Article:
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It’s good to talk


It’s good to talk

A simple coffee catch-up with friends has reminded Sami Muirhead of the importance of good conversation.

I had coffee in an actual cafe with real-life adults. If I had written that sizzling opening line in 2019, I would have justifiably been fired by the fine people at this magazine! But nowadays, it is a big deal!

The three of us didn’t sit quietly or speak softly while we inhaled our caffeine. We roared laughing for an hour and swapped stories. We ate cake that we didn’t have to cook or serve. It felt so very good ordering real coffee. And it totally filled my bucket to debrief on all that has gone on in the past few months.

I urge you all to do it immediately if only to unpack all the emotions of 2020. I learnt so many things drinking my coffee. I found out everyone felt afraid around Easter because of coronavirus. I listened as my friends told me how home schooling nearly broke them some days. I heard stories of other friend’s friends and their marital fights, their financial struggles, their health changes. The words were flying around the cafe so quickly and it was all music to my ears.

I visited India 20 years ago and went to the slums. The poverty upset me to the point I could not sleep for months. But in that depressing neighbourhood, the men would court their potential wives with the gift of conversation. They would sit around the fire pits at night and seduce the women with tales. They could not afford flowers or dinner dates so the art of storytelling was their gift to their ladies. And that is how I felt having coffee at Buderim.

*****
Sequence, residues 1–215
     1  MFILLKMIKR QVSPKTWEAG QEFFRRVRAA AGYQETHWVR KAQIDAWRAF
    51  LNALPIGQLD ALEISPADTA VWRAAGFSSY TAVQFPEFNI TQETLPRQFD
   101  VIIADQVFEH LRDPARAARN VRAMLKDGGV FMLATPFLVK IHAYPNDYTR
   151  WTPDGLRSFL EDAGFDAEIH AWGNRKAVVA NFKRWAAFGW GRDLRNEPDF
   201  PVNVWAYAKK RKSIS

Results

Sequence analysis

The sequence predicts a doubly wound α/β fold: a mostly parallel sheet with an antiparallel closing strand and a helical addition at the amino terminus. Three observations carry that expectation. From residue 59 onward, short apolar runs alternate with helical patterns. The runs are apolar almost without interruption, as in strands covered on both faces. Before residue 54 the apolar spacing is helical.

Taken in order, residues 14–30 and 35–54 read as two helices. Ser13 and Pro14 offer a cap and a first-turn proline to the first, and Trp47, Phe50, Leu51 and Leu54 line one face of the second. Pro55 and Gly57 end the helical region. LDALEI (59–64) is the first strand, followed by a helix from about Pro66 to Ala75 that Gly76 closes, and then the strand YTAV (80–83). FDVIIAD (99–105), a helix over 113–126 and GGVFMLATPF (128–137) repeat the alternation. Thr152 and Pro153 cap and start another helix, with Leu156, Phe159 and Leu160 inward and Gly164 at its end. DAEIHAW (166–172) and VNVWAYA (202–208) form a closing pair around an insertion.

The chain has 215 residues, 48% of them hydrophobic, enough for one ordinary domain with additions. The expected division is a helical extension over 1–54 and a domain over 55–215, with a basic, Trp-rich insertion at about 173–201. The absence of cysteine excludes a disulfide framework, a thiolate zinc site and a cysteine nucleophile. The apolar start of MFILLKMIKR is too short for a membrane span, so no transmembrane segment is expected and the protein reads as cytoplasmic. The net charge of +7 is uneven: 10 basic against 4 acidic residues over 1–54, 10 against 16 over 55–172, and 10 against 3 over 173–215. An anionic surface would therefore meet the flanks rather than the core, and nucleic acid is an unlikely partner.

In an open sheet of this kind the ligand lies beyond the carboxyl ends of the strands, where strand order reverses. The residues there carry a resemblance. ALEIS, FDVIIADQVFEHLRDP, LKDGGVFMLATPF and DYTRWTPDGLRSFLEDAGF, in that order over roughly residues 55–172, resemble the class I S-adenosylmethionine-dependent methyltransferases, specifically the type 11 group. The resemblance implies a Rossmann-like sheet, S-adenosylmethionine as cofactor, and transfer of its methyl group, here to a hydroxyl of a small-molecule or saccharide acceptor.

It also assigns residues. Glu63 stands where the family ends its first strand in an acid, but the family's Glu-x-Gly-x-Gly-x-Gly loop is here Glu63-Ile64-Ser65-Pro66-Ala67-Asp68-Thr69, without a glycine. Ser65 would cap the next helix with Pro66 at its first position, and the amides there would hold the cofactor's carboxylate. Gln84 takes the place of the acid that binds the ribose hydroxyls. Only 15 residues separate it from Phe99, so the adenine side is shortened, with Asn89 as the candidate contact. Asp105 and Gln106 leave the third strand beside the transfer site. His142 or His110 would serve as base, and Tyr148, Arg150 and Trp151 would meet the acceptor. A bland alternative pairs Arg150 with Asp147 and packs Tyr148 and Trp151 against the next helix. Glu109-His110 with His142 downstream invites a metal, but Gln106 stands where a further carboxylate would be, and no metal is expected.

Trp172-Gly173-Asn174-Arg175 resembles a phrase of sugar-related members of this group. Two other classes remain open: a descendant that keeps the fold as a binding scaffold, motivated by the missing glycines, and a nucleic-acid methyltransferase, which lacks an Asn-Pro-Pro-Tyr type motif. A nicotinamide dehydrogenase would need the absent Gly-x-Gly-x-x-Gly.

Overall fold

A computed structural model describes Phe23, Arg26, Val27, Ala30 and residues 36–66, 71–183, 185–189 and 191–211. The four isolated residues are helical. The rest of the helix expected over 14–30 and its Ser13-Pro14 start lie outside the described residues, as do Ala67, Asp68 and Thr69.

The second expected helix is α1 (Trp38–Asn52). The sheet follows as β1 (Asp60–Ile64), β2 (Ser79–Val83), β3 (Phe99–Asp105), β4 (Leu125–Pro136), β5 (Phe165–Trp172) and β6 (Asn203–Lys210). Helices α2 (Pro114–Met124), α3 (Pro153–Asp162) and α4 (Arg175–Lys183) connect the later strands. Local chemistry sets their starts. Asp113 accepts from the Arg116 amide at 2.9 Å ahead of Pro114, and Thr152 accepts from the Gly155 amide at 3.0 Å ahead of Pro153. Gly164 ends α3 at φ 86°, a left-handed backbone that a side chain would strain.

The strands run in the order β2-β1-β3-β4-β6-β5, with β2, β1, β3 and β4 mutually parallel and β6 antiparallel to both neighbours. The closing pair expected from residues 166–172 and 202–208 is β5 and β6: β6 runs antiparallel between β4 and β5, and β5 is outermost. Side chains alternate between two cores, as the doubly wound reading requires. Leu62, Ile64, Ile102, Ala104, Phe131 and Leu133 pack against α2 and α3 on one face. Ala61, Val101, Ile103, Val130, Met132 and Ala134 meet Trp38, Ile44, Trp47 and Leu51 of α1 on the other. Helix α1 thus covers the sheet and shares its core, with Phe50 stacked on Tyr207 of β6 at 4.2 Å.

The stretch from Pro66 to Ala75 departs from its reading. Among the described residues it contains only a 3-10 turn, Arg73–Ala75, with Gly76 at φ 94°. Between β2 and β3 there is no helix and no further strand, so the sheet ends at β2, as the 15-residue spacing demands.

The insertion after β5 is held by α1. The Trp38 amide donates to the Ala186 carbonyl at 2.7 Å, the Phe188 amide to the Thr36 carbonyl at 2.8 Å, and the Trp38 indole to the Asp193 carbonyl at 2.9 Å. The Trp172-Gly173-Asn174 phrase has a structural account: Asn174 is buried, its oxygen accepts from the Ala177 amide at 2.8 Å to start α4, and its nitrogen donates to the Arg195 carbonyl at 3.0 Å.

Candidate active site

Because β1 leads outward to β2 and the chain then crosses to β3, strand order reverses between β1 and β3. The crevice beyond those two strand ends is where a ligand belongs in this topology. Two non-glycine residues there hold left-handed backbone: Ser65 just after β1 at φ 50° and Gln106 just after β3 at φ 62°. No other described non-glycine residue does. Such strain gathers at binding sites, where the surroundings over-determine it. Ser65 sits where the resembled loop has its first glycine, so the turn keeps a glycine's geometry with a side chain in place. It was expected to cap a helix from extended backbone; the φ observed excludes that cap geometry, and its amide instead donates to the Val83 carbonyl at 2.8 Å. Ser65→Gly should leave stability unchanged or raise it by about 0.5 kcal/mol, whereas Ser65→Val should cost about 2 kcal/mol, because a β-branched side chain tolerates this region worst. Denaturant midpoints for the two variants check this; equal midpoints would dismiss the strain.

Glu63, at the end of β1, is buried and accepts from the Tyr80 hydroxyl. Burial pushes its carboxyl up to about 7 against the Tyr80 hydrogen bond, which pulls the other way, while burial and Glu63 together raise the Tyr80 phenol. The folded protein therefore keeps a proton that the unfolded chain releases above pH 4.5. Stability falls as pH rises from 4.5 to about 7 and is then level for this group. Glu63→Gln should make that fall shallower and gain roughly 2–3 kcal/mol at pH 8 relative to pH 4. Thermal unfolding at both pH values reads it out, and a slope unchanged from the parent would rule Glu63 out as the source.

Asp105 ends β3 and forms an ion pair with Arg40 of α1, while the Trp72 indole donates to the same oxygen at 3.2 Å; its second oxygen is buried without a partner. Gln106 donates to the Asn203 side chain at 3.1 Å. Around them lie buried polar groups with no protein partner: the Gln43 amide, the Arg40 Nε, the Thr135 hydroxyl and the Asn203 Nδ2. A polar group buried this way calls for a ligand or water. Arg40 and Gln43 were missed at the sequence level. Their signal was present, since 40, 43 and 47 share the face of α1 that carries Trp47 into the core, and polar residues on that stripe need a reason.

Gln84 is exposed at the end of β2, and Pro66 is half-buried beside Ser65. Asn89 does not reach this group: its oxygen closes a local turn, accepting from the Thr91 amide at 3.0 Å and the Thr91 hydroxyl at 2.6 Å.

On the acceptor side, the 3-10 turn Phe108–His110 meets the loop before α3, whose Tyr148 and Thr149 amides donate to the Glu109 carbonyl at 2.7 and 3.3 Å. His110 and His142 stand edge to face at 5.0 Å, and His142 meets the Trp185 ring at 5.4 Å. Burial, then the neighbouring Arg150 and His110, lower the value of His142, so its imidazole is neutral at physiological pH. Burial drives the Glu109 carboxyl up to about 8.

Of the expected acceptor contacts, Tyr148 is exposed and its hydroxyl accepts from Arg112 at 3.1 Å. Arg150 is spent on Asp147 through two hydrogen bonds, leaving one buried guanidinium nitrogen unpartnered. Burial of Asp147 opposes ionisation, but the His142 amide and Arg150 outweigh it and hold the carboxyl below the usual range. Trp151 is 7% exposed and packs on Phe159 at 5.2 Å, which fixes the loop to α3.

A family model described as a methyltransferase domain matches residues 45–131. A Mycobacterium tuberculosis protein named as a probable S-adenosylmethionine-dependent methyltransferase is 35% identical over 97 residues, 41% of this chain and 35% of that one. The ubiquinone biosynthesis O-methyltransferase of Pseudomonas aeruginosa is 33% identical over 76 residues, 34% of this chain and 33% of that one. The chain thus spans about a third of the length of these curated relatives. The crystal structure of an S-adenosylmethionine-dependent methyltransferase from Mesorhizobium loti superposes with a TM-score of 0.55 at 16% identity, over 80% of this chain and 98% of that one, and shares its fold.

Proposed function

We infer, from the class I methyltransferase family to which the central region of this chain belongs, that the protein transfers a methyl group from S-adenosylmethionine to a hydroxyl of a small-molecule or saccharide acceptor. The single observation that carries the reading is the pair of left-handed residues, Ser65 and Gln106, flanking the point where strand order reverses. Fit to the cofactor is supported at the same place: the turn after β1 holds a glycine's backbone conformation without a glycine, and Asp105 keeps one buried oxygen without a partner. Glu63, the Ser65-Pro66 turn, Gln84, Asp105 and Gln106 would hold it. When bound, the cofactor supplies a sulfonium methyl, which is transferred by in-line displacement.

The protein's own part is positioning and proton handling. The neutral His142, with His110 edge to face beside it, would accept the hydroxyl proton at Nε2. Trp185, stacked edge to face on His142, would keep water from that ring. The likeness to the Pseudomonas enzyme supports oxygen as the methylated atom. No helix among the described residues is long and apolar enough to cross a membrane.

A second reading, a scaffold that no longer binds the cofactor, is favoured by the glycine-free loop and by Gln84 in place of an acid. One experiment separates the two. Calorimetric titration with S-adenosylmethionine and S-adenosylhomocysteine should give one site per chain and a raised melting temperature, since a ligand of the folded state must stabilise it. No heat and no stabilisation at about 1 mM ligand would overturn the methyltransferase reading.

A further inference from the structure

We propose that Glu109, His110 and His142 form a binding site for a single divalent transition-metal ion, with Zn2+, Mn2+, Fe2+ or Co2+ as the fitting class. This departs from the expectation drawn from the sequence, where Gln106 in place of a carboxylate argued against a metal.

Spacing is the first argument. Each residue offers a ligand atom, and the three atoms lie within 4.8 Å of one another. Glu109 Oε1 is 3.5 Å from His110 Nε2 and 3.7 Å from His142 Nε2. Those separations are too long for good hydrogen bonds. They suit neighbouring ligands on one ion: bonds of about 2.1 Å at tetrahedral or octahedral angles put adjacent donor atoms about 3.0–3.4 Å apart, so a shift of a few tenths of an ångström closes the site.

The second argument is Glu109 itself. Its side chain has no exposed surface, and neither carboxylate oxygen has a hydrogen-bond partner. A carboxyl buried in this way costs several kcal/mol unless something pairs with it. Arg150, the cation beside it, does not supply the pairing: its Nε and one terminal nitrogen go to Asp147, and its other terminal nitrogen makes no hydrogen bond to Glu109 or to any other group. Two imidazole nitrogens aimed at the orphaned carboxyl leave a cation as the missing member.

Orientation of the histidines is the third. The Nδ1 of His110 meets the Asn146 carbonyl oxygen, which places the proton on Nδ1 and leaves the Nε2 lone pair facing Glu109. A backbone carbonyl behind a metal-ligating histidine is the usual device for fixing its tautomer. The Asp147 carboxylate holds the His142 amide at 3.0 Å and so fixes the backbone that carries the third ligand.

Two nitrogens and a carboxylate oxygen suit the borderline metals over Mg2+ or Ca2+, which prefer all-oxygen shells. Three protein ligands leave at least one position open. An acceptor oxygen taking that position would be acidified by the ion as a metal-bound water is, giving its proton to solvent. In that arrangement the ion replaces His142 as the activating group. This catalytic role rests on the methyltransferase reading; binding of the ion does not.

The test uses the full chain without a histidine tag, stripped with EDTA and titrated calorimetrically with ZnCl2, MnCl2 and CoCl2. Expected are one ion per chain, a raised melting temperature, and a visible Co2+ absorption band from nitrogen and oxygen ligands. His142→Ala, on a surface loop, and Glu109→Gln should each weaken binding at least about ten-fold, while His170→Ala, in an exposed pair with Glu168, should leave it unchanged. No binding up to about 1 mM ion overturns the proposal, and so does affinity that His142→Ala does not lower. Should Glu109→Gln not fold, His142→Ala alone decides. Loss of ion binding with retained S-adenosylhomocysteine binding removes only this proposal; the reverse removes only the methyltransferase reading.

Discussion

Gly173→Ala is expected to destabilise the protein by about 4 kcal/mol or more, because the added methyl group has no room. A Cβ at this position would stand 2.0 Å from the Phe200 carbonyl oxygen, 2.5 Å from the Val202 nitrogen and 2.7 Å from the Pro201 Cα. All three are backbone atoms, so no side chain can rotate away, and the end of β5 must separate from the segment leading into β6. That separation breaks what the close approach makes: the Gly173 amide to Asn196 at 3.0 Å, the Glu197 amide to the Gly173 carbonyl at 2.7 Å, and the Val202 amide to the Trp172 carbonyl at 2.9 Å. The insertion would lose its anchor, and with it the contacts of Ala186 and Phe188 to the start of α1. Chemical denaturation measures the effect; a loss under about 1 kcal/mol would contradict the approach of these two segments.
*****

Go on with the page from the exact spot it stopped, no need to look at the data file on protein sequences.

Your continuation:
We swapped tales and it was good to hear all this raw and honest chat as one can go down that rabbit hold of social media and think everyone’s life is perfect. I love a friend even more when they are vulnerable. But the funniest stories from my mum friends came from kids and other families. I heard of the 14- year old son whose family lives interstate – he took a photo of himself and then somehow froze it on his computer screen so the teacher thought he was sitting there for the class Zoom session. Genius!

Then I heard the story of a seven-year-old who started to do a stilted robot dance in a Zoom session and said with a broken voice: “We have bad internet today as there are really strong winds.” And then simply hit ‘leave meeting’ and logged out for the day and played cricket in the backyard.

So please spend that $5 this week and catch up with your friends, as it is the cheapest hit of therapy you will ever find. You’re welcome.


Sami Muirhead is a radio announcer, blogger and commentator. For more from Sami tune into Mix FM.

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